Posted : 2015-12-31 15:24
Updated : 2015-12-31 16:58

LG, Samsung to cut display production

By Kim Yoo-chul

Han Sang-beom
LG Display CEO

Park Dong-gun
Samsung Display CEO

LG Display and Samsung Display, the world's two biggest display manufacturers, plan to cut production throughout 2016 to prevent operating losses.

The moves come amid fears that the global display industry, which the two Korean companies have long dominated, may suffer from a huge glut mostly due to aggressive expansion by Taiwanese and Chinese suppliers.

"LG Display plans to maintain greater flexibility for display production," said an executive. "If necessary, the company may reduce production at key facilities in Paju and Gumi, as well as in China, to save the bottom line,"

LG is the global leader in displays, with chief local rival Samsung Display close behind.

LG Display Vice Chairman and CEO Han Sang-beom plans to meet Korean media during this week's tech fair in the U.S. and unveil updated business strategies.

Samsung Display is also considering lowering output of its display products.

But alongside cutting production of large-sized displays for televisions, it plans to increase output of its small OLED products for mobile phones in China.

The idea is that the small OLED products will make up for the lower sales of its large display products.

"We don't believe the year 2016 will be good," a Samsung official said. "The company needs contingency plans to deal with increasing risks."

Market analysts say the two Korean companies are expected to post lower profits in 2016, because massive expansion by their Chinese rivals may cause an oversupply.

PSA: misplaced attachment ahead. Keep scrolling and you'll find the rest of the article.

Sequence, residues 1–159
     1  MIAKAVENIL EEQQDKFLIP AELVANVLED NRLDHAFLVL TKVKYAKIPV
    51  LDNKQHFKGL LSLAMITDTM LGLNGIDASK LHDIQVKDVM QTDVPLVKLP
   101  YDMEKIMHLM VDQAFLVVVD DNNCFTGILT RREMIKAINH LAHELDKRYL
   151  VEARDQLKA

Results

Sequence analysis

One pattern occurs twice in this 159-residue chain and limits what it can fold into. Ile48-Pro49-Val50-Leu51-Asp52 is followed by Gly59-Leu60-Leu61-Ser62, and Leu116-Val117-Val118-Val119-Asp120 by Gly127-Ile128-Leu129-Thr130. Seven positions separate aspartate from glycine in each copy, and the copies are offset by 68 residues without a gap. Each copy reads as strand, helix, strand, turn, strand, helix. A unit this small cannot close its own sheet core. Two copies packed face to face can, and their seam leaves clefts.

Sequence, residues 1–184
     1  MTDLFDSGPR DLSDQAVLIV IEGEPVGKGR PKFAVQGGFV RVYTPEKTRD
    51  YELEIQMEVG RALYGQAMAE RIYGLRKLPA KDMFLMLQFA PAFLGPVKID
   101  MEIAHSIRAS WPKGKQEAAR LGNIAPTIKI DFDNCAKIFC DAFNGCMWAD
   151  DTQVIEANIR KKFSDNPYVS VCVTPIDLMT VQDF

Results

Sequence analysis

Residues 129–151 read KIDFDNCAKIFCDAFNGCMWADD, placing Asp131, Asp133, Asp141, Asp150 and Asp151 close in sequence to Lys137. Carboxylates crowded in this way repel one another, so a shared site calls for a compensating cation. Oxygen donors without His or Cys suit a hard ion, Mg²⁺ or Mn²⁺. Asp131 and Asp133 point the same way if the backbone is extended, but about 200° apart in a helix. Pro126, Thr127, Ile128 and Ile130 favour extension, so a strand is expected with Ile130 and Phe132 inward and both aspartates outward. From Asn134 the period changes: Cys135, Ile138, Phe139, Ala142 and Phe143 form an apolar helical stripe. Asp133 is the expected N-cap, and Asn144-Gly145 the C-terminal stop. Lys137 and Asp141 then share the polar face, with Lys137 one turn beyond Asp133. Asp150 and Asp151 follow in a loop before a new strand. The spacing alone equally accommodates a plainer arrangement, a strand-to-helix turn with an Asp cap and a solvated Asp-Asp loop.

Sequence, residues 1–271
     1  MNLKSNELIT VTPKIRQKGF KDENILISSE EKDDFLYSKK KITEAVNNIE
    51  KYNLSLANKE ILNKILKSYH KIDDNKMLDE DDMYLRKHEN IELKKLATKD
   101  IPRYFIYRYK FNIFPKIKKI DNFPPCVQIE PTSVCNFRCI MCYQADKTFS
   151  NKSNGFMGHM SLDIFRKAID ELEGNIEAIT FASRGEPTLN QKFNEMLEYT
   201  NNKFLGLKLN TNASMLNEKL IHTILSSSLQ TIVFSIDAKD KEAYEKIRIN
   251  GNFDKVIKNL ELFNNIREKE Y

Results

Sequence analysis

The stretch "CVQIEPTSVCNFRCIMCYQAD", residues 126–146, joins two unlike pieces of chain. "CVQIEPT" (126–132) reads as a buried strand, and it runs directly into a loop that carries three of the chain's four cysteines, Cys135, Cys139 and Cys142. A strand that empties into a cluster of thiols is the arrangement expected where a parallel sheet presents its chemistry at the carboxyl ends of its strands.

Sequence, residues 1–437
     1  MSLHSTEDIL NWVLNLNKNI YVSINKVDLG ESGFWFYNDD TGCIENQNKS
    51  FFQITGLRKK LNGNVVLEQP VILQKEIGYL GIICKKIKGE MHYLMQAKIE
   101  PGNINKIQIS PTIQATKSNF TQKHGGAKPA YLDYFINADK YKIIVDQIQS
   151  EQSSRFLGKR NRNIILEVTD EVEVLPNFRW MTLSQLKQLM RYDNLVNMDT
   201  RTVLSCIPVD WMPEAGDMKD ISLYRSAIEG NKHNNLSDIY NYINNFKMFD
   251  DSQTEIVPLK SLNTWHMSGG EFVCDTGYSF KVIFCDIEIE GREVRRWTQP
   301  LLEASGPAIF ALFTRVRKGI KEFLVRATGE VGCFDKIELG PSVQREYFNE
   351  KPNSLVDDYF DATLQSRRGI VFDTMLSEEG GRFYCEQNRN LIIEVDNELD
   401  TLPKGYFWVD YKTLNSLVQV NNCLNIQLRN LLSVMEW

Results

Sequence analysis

"Leading Chinese companies plan to increase their display outputs to increase market share," an LG official said. "Next year will be very difficult for LG Display because the display industry may suffer from a supply glut."

LG ― the main display supplier for Apple's iPhones ― is expected to report fourth-quarter sales and profit below market expectations because the continued price decline in displays has worsened its bottom line, according to analysts and officials.

"The phase of price decline was speedier than expected," said Hyundai Securities analyst Kim Dong-won. "This was attributed to massive production expansion by Chinese suppliers despite weak demand for large-sized TVs, putting
LG Display and Samsung Display in danger."

Kim said the two Korean companies would face a "game of chicken" throughout 2016.

"LG and Samsung can't compete with Chinese companies in prices," said Chung Won-seok from Hi Investment. "But what makes matters worse is that demand for large OLED panels is still weak, meaning the Korean companies have no replacement to fill the void left in their conventional LCD business."

He pointed out that Chinese and Taiwanese producers were also taking losses and that their situation was not much different to the Korean companies.

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